Arraf: Falluja 'has been breached'
CNN Baghdad bureau chief Jane Arraf
Battle for Falluja, bombings in Baghdad.
U.S. and Iraqi forces begin their assault on Falluja.
Interim Iraqi leader Ayad Allawi authorizes Falluja assault.
FALLUJA, Iraq (CNN) -- About 10,000 U.S. and 2,000 Iraqi forces began an assault on Falluja on Monday, aimed at driving insurgents from the city.
CNN Baghdad bureau chief Jane Arraf is embedded with the U.S. Army there; she spoke with "Anderson Cooper 360°" guest host Heidi Collins on Monday night by telephone.
ARRAF: At this point, the offensive has been going on for hours. And -- I'm not sure if you hear those thuds in the background -- the sky just lit up over the city of Falluja. There are continued airstrikes and ground strikes.
Quite a heavy bombardment as forces here ... try to soften up the insurgents to move further into the city. We started out on the northeast corner, where they found what they had expected and feared, which was a string of improvised explosive devices -- booby-trapped -- waiting for the troops to come in.
In that sector, [there were] very few civilians. And we had been told that they had not been allowed in that sector by the insurgents who have been rigging these homemade bombs around the city. The battle continues, and is expected to continue for some time. All the soldiers going into this -- and this is a massive effort -- have been told that this is a historic battle; this is their chance to rid the country of the insurgency.
COLLINS: You talk about the resistance, you talk about the foreign fighters. Any more you can tell us about that, as far as characterizing the size of it and how intense it is?
ARRAF: Military officials are putting varying figures on how many men they believe they're fighting ... and they vary from 1,200 to 3,000.
On the lowest tier -- although a lot of these probably would have fled the city by now -- it's people who are doing it just for the money. They are unemployed, perhaps angry, young men, and they get a few dollars for shooting a rocket-propelled grenade.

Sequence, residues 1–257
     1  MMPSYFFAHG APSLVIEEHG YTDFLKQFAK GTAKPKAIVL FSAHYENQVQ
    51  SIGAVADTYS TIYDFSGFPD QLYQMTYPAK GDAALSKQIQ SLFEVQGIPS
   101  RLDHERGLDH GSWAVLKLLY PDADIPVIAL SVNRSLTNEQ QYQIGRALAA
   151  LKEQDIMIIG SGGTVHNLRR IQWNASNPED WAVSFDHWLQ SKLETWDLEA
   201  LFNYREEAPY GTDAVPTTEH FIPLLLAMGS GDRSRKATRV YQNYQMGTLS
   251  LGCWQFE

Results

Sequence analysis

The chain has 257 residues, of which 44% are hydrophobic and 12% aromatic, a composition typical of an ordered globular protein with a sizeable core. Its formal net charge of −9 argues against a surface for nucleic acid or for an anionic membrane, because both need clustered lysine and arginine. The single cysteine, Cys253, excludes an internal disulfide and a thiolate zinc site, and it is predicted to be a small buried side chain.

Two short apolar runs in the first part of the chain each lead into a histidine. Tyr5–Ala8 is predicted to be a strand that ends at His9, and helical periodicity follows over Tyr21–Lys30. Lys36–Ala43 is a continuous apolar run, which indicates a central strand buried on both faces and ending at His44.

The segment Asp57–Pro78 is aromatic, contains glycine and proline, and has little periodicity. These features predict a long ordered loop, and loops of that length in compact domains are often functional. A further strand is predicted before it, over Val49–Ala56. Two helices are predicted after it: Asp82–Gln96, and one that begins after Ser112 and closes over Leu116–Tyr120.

There are extreme religious fundamentalists, who are doing it because they believe that it is their religious duty. ...
There are former Baath Party elements, which are a large part of this -- this is a Sunni stronghold and a very conservative city. And there are the foreign fighters, probably fewer than had first been believed, but this city, over the past few months -- since the end of the war, in fact -- has become a magnet for insurgents of all sorts, a breeding ground for different cells. And many military officials believe that it has become a command-and-control center for the entire insurgency in Iraq.
COLLINS: We know that earlier in the day the troops were able to take over one hospital and two key bridges. Again, in talking about this resistance, are they able to take over more positions of importance, or would you say they are at a standby or a standstill as of late?
ARRAF: They're not at a standstill so much. They are certainly going forward. ... We're not entirely clear as to what targets they may have taken in other sectors of the city. Certainly, they had a lot of objectives. And the Iraqi security forces are playing a large part in that.
Those are the people -- we are with, for instance, Iraqi commandos -- and the Iraqi security forces, the intervention forces, are the ones who are going into places like mosques and schools, where U.S. forces say they've been targeted from.
As for the major targets that they have, most of those [involve] access to the city, and the city has, indeed, been breached.